Go slow and plan

“We should be careful to get out of an experience only the wisdom that is in it and stop there, lest we be like the cat that sits down on a hot stove-lid. She will never sit down on a hot stove-lid again, and that is well; but also she will never sit down on a cold one anymore.” —Mark Twain

Yes, make courthouse windows bullet proof or reflective, but stop there. One of the worst things that could happen in the aftermath of the shooting of Judge Weller is to leap to increasing courthouse security as politicians scramble to exploit the tragedy.

The Oklahoma City bombing and Sept. 11, 2001, both gave us tastes of knee-jerk policy changes on security measures, and we should have learned that it is foolish to take action in the heat of a highly publicized tragedy.

U.S. Sen. Harry Reid, for instance, immediately called for greater security and federal courthouse security funds. That kind of reactive statement is exactly what is not needed right now. One incident in Reno, Nevada, does not call for federal policy changes.

Had Sen. Reid done more preparation instead of just jumping onto a sudden opportunity, he might have been better able to propose useful measures. For one thing, the attack on Judge Weller came from outside the courthouse and would not have been deterred by more guards or still more airport-style security hardware.

For another, the problem in the Washoe County courthouse is not too little security or money. It is poorly planned and allocated security that throws a net around everything—the marriage license office as well the family court, for instance.

When security was installed at the courthouses, metal detectors were placed at every single entrance, giving Judge Weller’s staff and the law library staff the same level of security. But nearly all courthouse violence happens in family court. This blanket approach is ridiculous—the metal detectors should be removed from the entrances and placed at points of access to family court.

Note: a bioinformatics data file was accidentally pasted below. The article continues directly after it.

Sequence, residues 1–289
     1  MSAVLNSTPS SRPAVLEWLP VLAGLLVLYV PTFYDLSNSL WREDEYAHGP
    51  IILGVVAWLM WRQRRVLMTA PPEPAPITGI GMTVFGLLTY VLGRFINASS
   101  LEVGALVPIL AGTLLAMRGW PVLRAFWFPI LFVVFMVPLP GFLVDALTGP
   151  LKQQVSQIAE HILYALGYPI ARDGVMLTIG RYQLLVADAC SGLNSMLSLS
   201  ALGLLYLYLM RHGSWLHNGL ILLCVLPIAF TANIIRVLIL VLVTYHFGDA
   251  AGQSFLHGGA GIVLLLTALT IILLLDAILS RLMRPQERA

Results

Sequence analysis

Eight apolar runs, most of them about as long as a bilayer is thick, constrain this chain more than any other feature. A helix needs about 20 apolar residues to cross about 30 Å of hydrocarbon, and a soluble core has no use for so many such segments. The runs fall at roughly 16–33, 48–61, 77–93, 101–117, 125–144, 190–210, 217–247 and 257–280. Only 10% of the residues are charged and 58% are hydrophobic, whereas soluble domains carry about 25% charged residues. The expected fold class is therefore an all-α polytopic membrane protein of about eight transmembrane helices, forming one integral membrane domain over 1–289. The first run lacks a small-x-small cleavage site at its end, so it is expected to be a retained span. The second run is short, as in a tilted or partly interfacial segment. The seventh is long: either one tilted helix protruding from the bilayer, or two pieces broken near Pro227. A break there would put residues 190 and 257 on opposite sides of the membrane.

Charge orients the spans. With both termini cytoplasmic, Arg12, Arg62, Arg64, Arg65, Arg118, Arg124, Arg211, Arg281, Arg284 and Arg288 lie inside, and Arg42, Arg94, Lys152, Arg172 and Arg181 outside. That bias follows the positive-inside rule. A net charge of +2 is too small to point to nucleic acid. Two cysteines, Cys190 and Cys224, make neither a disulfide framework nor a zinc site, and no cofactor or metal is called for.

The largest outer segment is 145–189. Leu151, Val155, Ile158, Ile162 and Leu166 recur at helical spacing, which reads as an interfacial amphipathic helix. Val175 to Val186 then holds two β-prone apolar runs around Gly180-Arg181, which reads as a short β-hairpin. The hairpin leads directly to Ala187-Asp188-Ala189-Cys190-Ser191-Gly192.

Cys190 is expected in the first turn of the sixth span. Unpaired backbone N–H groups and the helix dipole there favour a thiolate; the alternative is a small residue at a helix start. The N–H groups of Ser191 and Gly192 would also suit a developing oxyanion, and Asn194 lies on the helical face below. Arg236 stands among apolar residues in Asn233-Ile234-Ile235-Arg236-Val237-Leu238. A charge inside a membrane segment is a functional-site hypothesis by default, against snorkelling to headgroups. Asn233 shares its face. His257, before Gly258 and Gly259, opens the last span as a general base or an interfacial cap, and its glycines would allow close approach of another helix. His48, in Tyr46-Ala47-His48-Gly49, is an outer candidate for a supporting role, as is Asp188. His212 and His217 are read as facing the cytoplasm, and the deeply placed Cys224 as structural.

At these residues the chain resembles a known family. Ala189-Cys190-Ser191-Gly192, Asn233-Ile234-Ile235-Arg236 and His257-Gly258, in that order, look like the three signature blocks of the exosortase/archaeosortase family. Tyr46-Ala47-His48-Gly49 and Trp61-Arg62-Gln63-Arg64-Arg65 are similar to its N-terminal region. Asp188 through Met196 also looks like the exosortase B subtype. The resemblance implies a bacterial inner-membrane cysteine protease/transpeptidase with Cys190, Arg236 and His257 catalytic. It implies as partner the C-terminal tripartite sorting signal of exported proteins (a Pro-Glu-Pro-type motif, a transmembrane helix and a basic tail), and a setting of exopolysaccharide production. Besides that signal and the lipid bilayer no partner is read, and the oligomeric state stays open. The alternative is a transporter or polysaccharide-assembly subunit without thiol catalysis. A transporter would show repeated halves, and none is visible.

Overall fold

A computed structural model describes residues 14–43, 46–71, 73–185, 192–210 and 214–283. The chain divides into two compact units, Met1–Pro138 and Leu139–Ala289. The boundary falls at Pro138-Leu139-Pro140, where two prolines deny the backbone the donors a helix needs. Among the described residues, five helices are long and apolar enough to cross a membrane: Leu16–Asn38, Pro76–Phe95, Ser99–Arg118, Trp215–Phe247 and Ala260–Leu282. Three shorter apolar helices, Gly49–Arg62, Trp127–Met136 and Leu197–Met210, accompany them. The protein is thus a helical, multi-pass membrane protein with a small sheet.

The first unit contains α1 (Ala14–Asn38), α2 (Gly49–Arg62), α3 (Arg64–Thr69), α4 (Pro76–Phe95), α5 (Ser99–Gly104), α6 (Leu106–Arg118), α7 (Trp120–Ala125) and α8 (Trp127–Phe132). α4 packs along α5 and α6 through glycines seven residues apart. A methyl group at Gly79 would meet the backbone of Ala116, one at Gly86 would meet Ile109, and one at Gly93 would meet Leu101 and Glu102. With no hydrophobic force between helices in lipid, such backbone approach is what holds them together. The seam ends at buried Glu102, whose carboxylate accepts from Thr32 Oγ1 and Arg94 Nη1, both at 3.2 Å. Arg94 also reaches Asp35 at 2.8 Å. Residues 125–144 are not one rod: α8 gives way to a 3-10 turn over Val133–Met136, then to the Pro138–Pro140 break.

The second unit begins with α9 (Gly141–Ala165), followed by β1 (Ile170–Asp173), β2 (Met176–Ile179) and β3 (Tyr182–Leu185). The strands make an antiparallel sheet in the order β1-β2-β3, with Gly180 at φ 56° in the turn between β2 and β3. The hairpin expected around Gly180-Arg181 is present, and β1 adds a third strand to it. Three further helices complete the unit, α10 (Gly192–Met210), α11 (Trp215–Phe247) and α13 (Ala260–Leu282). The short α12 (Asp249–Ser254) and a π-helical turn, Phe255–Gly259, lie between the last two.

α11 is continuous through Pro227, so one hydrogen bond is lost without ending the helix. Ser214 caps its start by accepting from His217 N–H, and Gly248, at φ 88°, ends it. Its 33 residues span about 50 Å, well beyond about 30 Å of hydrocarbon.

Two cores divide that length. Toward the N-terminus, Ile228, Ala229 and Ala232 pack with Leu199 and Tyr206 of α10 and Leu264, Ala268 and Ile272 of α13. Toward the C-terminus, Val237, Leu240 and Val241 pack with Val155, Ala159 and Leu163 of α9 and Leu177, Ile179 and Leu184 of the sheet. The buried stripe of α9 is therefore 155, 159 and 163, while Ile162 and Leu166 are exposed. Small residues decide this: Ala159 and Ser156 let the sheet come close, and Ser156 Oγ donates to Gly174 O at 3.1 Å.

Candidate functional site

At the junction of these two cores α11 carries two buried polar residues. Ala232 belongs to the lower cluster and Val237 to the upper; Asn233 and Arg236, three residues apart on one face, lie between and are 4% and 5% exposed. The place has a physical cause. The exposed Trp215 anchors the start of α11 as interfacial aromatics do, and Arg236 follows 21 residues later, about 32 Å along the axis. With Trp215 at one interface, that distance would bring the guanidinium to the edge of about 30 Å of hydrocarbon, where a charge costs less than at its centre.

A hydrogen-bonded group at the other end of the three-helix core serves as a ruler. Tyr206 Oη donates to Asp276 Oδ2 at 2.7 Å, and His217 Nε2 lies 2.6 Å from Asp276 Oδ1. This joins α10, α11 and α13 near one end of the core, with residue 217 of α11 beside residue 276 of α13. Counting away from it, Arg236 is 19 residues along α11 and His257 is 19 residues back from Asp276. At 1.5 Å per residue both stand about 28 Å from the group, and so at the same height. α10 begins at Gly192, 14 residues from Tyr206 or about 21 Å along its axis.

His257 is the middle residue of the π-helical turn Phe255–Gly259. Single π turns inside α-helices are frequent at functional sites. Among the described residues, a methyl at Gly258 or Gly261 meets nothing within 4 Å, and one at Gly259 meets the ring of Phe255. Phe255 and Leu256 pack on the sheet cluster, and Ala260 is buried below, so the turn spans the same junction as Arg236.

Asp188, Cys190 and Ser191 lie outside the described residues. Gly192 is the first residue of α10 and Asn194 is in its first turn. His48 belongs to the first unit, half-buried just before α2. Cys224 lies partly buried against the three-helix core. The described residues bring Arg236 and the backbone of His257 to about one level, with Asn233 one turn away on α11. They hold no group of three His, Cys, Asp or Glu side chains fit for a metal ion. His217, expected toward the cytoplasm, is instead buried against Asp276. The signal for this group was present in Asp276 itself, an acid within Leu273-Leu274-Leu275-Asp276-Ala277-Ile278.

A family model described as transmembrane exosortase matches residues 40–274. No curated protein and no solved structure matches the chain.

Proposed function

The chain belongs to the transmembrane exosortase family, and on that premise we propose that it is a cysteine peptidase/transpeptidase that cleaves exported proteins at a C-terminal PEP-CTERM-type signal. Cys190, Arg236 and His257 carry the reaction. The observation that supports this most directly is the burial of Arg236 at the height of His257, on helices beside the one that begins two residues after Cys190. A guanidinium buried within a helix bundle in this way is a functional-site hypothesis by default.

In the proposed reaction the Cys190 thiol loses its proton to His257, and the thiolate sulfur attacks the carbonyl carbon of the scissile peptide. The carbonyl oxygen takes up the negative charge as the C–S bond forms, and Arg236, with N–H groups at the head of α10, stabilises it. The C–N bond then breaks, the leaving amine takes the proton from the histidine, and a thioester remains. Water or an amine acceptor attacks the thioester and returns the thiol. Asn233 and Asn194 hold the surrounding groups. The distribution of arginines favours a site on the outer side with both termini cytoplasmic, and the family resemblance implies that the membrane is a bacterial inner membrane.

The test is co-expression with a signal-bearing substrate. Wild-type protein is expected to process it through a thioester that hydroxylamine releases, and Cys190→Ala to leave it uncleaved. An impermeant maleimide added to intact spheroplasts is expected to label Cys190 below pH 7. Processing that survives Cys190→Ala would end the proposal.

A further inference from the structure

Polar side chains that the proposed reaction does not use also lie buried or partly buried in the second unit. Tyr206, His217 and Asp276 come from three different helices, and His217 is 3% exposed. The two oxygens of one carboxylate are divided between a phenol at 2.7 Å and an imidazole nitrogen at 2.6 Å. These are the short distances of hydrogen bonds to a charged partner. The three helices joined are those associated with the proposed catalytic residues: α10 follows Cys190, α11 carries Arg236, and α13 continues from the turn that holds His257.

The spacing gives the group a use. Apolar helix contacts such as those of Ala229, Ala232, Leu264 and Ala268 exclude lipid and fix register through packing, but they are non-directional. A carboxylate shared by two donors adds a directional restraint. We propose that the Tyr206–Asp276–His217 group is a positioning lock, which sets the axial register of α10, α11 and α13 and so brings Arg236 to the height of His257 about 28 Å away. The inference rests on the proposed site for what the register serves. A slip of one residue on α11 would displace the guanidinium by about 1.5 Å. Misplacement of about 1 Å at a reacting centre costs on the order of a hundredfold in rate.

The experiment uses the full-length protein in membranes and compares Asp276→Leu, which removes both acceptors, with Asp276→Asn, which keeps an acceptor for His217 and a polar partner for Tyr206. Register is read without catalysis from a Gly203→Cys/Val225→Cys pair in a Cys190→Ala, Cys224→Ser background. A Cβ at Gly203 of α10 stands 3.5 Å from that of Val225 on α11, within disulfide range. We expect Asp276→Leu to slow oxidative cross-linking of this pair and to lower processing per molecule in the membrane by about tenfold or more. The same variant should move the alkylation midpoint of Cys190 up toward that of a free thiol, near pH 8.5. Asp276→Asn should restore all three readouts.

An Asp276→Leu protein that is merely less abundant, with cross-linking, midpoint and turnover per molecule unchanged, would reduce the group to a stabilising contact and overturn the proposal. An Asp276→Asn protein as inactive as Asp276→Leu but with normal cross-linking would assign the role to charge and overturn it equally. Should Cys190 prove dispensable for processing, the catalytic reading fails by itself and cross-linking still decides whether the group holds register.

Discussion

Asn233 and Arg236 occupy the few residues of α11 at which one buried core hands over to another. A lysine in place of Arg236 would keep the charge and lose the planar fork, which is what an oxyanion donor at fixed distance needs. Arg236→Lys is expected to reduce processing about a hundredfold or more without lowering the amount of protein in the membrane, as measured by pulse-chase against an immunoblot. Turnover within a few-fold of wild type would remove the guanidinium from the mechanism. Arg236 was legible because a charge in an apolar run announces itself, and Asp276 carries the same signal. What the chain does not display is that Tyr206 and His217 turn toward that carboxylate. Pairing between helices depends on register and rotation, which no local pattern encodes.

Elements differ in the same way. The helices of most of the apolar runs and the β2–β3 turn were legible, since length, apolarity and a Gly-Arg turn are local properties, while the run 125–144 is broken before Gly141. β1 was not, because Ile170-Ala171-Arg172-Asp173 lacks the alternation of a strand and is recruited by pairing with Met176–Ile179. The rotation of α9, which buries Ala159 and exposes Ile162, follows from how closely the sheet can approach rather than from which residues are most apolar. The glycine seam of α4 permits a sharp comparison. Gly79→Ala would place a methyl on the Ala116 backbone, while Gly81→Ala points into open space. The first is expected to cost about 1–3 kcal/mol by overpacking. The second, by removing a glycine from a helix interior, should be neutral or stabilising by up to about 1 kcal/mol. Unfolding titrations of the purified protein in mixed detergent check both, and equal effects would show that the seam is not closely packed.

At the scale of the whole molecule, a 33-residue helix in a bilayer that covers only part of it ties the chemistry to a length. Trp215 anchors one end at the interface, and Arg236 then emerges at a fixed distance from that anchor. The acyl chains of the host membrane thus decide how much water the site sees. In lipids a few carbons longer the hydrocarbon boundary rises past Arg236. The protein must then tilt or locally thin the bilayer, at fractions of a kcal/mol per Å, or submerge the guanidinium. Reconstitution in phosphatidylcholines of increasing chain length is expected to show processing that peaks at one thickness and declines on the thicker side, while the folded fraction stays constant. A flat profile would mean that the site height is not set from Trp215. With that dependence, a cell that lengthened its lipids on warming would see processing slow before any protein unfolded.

Courthouses need to be safe for people, but they need to be the people’s courthouses, too. Citizens need to feel comfortable in them and in contact with their government. Fortunately, some offices have been moved out of the courthouse so the public does not have to deal with excessive security. But that raises the question of why, if everything in the courthouse should be protected by such security measures, those measures are not also in place at the county complex on Ninth Street which houses so many offices formerly located in the courthouse.

The answer, of course, is that there are distinctions to be made and that planning should discriminate between blanket safety measures and precise safety measures.

There is another consequence to the present indiscriminate approach. The Washoe County Courthouse used to be a tourist attraction. People would visit to see where the movie stars got divorced. Then it became common to see tourists climb the courthouse steps, spot the metal detectors inside, and leave rather than go through the hassle. And now, security is so overreaching that those historic doors are permanently closed.

For our own citizens, our visitors, and our family court officers, it is time for a wise and discriminating courthouse security plan.